The merger of America Online Inc. and Time
Warner Inc. could turn out to be a hit with those who want their
music served hot off the Internet.
Most music now available for downloading is either by relatively
unknown artists or is bootlegged in violation of copyrights, but
the merger could help change all that hastening the day when
customers of the company can snatch popular albums directly off the
Web instead of buying $16 CDs.
"One of the main barriers to consumers adopting online music
has been the low volume of major label music that's available on a
legitimate basis," said Aram Sinnreich, an analyst with the
Internet research firm Jupiter Communications Inc. said Wednesday.
"AOL Time Warner has the power to change that."
How? Time Warner owns one of the largest music businesses, with
rights to top artists like Alanis Morissette, Madonna, Phil Collins
and R.E.M. as well as a cable-TV network ideal for high-speed
transmission of music. AOL, for its part, has a ready online
audience of 22 million users and a coveted team of software
By owning all the pieces to supplying online music on a broad
scale, AOL Time Warner gains a ready edge over other companies that
need to forge partnerships.
The promise of online music is compelling: Sales of downloaded
online music are expected to grow from a minuscule $1 million last
year to $1.1 billion by 2004, according to Forrester Research,
making up about 6 percent of all music sales. That means fewer CDs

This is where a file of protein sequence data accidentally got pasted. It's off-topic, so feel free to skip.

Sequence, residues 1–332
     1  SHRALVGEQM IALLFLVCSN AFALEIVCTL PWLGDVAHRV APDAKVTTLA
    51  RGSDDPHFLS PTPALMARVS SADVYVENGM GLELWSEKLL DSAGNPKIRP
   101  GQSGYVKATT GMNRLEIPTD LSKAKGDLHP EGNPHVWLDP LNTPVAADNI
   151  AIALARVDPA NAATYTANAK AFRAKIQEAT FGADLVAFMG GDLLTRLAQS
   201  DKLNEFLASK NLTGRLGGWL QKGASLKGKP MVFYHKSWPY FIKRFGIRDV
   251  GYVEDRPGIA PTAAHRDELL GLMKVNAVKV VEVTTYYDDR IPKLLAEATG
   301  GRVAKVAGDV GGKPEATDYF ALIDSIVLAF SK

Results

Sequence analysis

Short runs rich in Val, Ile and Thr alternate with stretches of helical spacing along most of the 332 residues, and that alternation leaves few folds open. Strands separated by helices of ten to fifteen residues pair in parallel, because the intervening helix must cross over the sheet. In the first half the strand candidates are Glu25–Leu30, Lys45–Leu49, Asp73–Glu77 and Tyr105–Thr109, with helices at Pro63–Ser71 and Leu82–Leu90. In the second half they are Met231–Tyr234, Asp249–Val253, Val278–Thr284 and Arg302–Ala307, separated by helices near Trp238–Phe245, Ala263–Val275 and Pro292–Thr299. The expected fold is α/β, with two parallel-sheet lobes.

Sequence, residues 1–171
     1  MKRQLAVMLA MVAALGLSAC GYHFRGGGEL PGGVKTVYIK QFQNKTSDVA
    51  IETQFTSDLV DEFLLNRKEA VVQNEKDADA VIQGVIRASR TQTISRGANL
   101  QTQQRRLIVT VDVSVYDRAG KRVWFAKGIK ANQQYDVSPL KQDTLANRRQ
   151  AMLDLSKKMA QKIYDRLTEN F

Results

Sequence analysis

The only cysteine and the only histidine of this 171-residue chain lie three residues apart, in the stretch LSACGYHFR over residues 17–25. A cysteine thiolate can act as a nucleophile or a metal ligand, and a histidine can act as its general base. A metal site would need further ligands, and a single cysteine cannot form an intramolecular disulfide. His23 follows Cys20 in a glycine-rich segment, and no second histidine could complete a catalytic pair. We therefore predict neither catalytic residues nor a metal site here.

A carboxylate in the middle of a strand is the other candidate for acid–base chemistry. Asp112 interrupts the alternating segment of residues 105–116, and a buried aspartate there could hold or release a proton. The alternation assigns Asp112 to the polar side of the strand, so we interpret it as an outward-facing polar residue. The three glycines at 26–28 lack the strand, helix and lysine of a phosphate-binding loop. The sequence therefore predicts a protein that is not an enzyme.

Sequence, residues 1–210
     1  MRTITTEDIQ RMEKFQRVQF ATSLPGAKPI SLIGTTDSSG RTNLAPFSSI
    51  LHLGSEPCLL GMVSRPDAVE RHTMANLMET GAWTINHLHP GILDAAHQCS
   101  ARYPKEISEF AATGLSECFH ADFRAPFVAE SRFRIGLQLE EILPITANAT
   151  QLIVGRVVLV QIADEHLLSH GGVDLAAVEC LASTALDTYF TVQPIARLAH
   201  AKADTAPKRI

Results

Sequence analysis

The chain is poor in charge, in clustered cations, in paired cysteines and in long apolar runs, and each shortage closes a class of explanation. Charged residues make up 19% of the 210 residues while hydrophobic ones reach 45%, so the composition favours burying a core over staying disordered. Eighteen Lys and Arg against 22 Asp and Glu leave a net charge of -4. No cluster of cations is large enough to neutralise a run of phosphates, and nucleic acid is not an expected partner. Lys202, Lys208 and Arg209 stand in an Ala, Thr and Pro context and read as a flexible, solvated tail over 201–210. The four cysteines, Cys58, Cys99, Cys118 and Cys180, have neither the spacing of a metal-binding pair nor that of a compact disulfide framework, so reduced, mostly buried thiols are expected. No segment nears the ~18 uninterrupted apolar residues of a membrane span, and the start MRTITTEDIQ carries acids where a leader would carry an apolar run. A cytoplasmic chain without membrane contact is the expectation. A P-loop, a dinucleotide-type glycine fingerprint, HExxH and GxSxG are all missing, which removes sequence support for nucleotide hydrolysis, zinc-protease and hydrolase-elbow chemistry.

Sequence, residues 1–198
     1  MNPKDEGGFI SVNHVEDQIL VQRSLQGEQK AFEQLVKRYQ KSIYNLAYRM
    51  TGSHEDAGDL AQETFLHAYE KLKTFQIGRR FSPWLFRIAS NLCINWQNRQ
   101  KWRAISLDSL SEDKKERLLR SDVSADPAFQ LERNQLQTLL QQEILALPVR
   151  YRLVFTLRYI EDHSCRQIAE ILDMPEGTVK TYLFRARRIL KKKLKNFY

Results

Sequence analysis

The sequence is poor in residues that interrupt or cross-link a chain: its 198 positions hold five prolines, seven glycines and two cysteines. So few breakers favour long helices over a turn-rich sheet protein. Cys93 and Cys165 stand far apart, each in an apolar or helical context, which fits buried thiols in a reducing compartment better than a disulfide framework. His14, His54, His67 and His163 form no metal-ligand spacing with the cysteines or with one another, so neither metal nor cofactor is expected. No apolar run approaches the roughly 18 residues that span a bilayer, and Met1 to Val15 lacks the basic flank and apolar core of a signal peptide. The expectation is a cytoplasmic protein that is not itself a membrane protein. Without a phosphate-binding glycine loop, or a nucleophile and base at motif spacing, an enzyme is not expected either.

sold at stores, as everyday Americans download songs to portable
digital players they can take jogging or on the train to work.
Despite the online potential, the recording industry thus far
has refused to release its songs over the Internet until a secure
method is widely adopted for making sure they get paid royalties
Time Warner chief executive Gerald Levin, at a news conference
Monday, named online music as a top priority. While Time Warner
also is a big film producer, movies are more difficult to
distribute online, because even with high-speed Internet hookups
they can take hours to download and video can appear jerky and
inconsistent. As a result widespread downloading of films is
probably years away.
While executives at America Online and Time Warner were vague
about plans, speculation is rife.
The combined company, analysts say, may initially step up
promotion of Time Warner's music to AOL's online users through ads
as well as through links to Web sites where people can buy CDs
through the mail.
In a second stage, Time Warner could transmit its music across
existing slow-speed Internet connections to AOL users who pay an
extra fee above its $21.95 monthly subscription fee.
As Time Warner's cable-TV lines are upgraded for Internet usage,
the merged company could zap songs across these high-speed lines,
resulting in better song quality and faster download times than
across slow telephone lines.
America Online also plans to boost its existing online music
For instance, it already owns Spinner.com, one of the biggest
sites for letting users listen to songs on their computer. This
site uses "streaming" technology that allows people pay just
pennies for each song they hear. While major artists are available,
streaming doesn't let users record and keep the music on portable
AOL's site would be an ideal place for Time Warner to promote
its trove of music, analysts said.